Nouwen’s shared pilgrimage encourages us to be spiritually deepened, too. (In that vein, Heart Speaks to Heart [Ave Maria Press, 62 pp.; $5.95, paper] is a little book of meditations written while he was recovering from physical and emotional exhaustion.) His heartfelt prayers are moving, edifying, and nourishing. The Road to Daybreak is one of his best books in years, leaving the reader inspired by insights that will enrich one’s life and faith.

The Irrelevant Leader

Being in community with the mentally handicapped has profoundly affected Nouwen’s view of ministry. His new thinking on the nature of Christian leadership is given expression in In the Name of Jesus (Crossroad, 81 pp.; $10.95, hardcover).

Nouwen came to L’Arche famous and successful, but that meant little to his new work there. Likewise, “the Christian leader of the future is called to be completely irrelevant and to stand in this world with nothing to offer but his or her own vulnerable self. That is the way Jesus came to reveal God’s love. The great message that we have to carry … is that God loves us not because of what we do or accomplish, but because God created and redeemed us in love and has chosen to proclaim that love as the true source of all human life.”

The Christian leader should be wary of fascination with effectiveness and relevance. “Too often I looked at being relevant, popular and powerful as ingredients of an effective ministry. The truth, however, is that these are not vocations but temptations.”

To those preoccupied with important social problems, he counsels: “Dealing with burning issues without being rooted in a deep personal relationship with God easily leads to divisiveness because before we know it, our sense of self is caught up in our opinion about a given subject.” In the Name of Jesus draws provocative and stimulating conclusions about the meaning and significance of Christian ministry.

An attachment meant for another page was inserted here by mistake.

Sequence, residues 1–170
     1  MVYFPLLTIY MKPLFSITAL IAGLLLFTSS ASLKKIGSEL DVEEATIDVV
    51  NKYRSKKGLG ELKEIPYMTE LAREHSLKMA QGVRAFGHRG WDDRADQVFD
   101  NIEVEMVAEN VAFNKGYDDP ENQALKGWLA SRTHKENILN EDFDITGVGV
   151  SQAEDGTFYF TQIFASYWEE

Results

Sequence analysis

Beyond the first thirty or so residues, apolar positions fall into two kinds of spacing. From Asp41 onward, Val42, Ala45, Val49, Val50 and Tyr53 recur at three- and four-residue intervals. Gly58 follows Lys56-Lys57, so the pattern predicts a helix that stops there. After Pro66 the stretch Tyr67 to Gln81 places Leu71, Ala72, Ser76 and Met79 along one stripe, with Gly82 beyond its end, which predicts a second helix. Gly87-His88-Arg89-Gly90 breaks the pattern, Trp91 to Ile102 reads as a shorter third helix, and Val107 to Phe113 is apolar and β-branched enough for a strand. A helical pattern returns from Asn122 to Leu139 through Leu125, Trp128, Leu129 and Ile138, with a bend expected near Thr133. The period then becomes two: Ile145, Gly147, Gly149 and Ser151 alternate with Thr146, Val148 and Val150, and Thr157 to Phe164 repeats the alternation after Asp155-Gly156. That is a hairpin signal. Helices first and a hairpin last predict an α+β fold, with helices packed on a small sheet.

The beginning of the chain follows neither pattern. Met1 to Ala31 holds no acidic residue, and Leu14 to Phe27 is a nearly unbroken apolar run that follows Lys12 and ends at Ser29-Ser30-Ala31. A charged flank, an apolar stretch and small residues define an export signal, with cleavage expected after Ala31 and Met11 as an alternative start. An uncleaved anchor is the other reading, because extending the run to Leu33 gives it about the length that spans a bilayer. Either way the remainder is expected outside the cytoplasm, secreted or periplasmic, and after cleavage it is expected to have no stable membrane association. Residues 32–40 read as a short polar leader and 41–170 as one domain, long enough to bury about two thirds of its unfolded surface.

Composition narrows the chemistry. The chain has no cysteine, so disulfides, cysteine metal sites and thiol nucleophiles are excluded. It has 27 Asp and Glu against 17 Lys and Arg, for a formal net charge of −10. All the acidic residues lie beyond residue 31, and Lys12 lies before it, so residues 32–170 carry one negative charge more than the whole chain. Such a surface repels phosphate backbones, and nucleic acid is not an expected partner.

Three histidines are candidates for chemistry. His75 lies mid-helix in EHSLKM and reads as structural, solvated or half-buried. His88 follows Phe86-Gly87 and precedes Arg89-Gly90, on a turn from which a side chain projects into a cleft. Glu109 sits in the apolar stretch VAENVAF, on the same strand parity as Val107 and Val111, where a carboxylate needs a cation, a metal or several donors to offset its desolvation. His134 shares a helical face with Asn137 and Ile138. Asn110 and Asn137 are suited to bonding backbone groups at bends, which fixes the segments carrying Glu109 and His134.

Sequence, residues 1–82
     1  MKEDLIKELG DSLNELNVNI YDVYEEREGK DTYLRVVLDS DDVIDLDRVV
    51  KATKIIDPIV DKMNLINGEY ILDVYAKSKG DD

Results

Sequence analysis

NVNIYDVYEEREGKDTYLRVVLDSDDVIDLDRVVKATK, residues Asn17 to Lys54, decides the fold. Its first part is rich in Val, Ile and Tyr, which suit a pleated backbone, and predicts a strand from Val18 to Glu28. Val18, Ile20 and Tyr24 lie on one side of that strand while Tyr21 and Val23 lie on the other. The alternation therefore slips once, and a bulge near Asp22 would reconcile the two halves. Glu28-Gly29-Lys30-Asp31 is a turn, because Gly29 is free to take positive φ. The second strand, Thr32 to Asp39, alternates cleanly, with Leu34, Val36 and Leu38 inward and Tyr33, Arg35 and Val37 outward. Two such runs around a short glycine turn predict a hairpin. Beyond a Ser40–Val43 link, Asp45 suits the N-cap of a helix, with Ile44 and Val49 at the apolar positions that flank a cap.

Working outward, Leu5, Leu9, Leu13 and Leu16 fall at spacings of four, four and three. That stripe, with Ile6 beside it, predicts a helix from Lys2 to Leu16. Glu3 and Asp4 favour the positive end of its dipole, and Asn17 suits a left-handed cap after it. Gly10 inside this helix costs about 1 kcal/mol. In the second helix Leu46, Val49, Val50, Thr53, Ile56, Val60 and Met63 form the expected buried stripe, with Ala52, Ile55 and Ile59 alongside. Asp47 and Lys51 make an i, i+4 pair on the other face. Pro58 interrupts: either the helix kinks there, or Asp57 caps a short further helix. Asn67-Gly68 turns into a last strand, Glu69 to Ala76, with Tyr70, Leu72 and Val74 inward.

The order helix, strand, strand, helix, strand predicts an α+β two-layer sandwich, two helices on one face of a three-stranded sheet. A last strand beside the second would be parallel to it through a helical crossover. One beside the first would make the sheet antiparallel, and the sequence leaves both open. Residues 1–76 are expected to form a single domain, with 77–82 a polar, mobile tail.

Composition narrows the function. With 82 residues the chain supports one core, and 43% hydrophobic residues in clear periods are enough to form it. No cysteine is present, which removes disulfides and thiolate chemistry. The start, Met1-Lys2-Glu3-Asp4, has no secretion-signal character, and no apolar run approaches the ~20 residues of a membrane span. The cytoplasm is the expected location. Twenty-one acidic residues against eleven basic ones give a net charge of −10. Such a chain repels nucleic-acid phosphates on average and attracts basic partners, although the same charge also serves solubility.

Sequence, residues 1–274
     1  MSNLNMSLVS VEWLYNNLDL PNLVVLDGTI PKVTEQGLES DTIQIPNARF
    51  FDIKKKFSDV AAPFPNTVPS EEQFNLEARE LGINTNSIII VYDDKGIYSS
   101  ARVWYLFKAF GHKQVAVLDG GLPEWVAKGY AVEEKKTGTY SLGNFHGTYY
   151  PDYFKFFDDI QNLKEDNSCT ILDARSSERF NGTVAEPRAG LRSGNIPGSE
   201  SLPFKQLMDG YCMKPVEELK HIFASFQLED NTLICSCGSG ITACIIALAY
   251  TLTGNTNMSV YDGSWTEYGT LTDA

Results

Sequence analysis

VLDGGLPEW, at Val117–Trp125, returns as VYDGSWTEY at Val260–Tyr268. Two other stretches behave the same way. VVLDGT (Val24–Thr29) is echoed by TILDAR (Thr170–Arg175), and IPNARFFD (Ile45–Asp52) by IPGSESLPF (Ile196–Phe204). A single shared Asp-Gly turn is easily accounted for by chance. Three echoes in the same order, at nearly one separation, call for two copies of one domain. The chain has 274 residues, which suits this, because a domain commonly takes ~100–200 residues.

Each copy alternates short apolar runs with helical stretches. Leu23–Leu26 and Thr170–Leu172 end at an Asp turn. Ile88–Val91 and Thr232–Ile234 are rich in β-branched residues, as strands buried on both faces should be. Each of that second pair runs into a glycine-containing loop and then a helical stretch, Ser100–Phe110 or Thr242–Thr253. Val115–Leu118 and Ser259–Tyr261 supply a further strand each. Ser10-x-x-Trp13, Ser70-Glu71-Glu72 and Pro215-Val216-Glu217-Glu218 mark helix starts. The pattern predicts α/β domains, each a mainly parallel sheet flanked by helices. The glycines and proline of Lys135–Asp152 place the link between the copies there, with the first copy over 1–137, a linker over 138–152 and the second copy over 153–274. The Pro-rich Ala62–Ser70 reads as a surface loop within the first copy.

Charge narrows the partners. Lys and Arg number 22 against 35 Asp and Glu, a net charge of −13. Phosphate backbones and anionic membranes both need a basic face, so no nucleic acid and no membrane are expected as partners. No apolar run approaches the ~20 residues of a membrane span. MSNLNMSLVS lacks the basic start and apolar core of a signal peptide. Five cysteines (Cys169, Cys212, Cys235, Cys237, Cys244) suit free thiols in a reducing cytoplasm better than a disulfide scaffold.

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Combating The Secular

Living a life of faith in a secular society has been the challenge of all modern Christians. Letters to Marc About Jesus (Harper & Row, 85 pp.; $12.95, hardcover) is a simple and telling answer to secularism. These letters to a teenage nephew in the Netherlands are not the severe criticisms of a “Dutch uncle,” however. Rather, they are a gentle, persuasive, and evangelistic appeal to one raised in secular culture.

Nouwen explains the gospel, trying to awaken love for Jesus. Some suggestions (for example, read your Bible) are basic. In addition, he brings the fruits of his lifelong walk with God. His plea will speak deeply to anyone at whatever stage of faith: “When you admit Jesus to your heart nothing is predictable, but everything becomes possible. I pray that you will venture on a life with Jesus. He asks everything of you, but gives you more in return.”

Nouwen’s greatest contribution in this secularist age is his eloquent celebration of God’s presence. Seeds of Hope: A Henri Nouwen Reader (Bantam, 198 pp.; $14.95, hardcover) is a welcome contribution to that end. Robert Durback, the editor, writes that “Nouwen’s gift is to hold up what is ordinary, even broken, despised, and discarded in our lives and … reveal it as something precious and full of promise.” Besides excerpts from Nouwen’s many writings, both published and unpublished, other bonuses include Nouwen’s biography and an essay surveying his books.

By growing aware of God’s loving presence in our lives, we can minister to others. In this way we overcome fatalism, despair, resignation, and stoicism. Henri Nouwen’s new books are an intimate, heartening, and prayerful resource in that very process.